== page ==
The Life Of Mrs. Robert Louis Stevenson
By Nellie Van de Grift Sanchez

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Fanny Van de Grift Stevenson during the English period. BY...


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ILLUSTRATED LONDON CHATTO & WINDUS 1920 Copyright, 1920, by Charles Scribner's Sons, for the United States of America Printed by the Scribner Press New York, U. S. A. TO ISOBEL FIELD IN TOKEN OF OUR COMMON LOVE FOR HER WHOSE LIFE STORY IS TOLD IN ITS PAGES THIS BOOK IS AFFECTIONATELY DEDICATED....


3 minute read

When I first set out to tell the life story of Mrs. Robert Louis Stevenson, I received the following letter from her old friend Mr. Bruce Porter: "Once when I urged your sister to set down the incidents of her life she listened, pondered, and then dismissed the suggestion as impossible, as her life had been like a dazed rush on a railroad express, and she despaired of recovering the incidental memories. The years with Stevenson have of course been adequately told, but the earlier period—Indianapolis and California—had a romance as stirring, even if sharpened by the American glare. This sharpness has already, for all of us, begun to fade, to take on the glamour of time and distance, and I cannot think of a better literary service than to make the fullest possible record now, before it utterly fades away." It was not only the difficulty of recalling events...


8 minute read

To arrive at a full understanding of the complex and unusual character of Fanny Van de Grift Stevenson, which perhaps played as large a part as her beauty and intellectual charm in drawing to her the affections of one of the greatest romance writers of our day, one must go back and seek out all the uncommon influences that combined to produce it—a long line of sturdy ancestors, running back to the first adventurers who left their sheltered European homes and sailed across the sea to try their fortunes in a wild, unknown land; her childhood days spent among the hardy surroundings of pioneer Indiana, with its hints of a past tropical age and its faint breath of Indian reminiscence; the early breaking of her own family ties and her fearless adventuring by way of the Isthmus of Panama to the distant land of gold, and her brave struggle against...


21 minute read

When Jacob Van de Grift arrived in Indianapolis in 1836 the first rawness of frontier life had passed away, and many of the comforts of civilization had made their way out from the East or up from New Orleans. When he married Esther Keen he took her to live in the little red house, which, as I have already said, he had built next door to Henry Ward Beecher's church, opposite the Governor's Circle. Seven children in all were granted to them, of whom the eldest, a daughter, was born on March 10, 1840, in this same little red house on the Circle. When the infant was two years old she and her mother were taken into the Second Presbyterian Church, and were baptized by Henry Ward Beecher in the White River, in the presence of a concourse of several thousand spectators. The record of this noteworthy occasion is still...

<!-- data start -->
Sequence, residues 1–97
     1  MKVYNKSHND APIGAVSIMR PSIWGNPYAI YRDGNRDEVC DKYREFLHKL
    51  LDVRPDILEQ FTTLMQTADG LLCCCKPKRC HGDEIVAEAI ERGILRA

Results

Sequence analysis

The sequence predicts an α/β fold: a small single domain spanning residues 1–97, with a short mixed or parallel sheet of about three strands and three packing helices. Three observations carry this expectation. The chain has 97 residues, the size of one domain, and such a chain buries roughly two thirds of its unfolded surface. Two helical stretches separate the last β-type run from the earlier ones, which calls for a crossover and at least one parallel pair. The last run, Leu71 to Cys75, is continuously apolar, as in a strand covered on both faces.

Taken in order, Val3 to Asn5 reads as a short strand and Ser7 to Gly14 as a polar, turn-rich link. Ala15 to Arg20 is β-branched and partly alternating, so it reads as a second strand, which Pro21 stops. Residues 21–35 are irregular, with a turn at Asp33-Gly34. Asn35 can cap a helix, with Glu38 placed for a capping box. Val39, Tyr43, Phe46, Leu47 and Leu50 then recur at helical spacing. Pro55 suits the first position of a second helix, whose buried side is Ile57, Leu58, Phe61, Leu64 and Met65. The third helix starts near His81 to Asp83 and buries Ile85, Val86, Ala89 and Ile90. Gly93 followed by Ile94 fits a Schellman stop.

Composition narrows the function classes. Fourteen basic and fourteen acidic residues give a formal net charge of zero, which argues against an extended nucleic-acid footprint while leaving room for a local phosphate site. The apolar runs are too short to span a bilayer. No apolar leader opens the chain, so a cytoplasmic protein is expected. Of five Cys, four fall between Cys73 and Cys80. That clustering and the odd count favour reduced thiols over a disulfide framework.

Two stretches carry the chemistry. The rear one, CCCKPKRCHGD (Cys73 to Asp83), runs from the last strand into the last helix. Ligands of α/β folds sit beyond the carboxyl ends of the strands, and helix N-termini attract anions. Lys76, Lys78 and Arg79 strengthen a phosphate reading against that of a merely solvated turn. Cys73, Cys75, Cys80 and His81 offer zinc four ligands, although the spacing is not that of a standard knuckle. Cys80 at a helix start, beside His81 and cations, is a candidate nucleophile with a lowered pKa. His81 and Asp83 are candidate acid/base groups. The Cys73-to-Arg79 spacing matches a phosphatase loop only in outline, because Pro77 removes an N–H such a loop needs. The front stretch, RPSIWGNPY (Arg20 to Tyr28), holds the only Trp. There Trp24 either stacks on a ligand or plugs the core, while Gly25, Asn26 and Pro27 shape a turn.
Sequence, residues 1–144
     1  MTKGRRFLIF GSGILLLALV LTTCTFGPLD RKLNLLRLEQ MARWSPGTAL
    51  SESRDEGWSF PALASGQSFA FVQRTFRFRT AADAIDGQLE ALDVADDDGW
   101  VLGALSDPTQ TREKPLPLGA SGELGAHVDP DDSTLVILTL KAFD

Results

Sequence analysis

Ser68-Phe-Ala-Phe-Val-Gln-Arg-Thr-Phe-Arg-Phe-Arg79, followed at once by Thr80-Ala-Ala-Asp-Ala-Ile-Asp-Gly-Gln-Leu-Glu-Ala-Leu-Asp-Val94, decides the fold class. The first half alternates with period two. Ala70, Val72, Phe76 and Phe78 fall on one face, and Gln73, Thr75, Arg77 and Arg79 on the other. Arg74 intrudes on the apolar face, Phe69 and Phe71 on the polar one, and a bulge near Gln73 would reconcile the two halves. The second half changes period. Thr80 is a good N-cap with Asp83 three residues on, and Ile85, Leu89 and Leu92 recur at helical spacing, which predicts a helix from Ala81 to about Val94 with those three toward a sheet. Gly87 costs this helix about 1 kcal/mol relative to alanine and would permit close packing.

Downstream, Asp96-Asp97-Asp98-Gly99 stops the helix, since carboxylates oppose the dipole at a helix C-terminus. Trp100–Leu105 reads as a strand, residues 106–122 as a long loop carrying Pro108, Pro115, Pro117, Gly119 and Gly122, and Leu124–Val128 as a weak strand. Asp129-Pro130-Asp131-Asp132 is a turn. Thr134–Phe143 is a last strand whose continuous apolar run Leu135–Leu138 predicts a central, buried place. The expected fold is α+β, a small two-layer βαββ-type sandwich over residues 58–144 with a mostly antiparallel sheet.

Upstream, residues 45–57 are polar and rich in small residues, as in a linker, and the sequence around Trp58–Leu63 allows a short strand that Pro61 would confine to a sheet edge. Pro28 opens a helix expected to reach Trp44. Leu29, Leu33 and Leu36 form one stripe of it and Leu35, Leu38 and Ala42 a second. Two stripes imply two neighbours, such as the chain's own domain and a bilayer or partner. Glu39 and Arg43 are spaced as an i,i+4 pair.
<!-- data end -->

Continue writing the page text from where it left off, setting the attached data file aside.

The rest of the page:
20 minute read

When at last the long voyage up the Western coast came to an end and the ship sailed into the broad bay of San Francisco, which lay serene and beautiful under the shadow of its towering guardian, Mount Tamalpais, Fanny Osbourne hung over the rail and surveyed the scene with eager interest. Yet it is altogether unlikely that any realization came to her then that the lively seaport town that lay before her was to become to her that magic thing we call "home," for men still regarded California as a place to "make their pile" in and then shake its dust from their feet. Her stay here was very brief, for her husband had gone at once to Nevada in the hope of getting a foothold in the silver-mines, which were then "booming," and she immediately followed him. From the level green corn-fields of Indiana, the land of her...


15 minute read

When they arrived on the other side, the Osbournes went directly to Antwerp, having decided to make a trial of that place first for their art studies. They landed at night in that most picturesque old city and took quarters at the Hotel du Bien-être , a quaint little old bourgeois inn where you walked in through the kitchen—full of copper pots and pans. It was in the days before "improvements"—broad avenues, street-cars, and the like—had robbed the old town of much of its distinctive charm, when at the corners of the narrow, stone-paved streets shrines of the Virgin and Child might still be seen. The passing crowds—peasant women in elaborate lace caps and long cloaks, groups of soldiers, milk carts drawn by dogs—all were intensely interesting to the newcomers from America, for whom this was the first foreign experience. The evening of their arrival they hung fascinated from their...


35 minute read

As the months passed, Stevenson, drawn by an irresistible desire to see the one who had become dearest in all the world to him, and having heard that she was soon to be freed from the bonds that held her to another, decided to take ship for America. After the long ocean voyage and the fatiguing journey from sea to sea, which he has himself so graphically described, he went straight to meet the family at Monterey. In the year 1879 there remained one spot in practical America where the Spirit of Romance still lingered, though even there she stood a-tiptoe, ready to take wing into the mists of the Pacific. It seems fitting that it should have been at that place that I first knew Robert Louis Stevenson. Although the passing of the years has dimmed the memory of those days to a certain degree, yet here and there...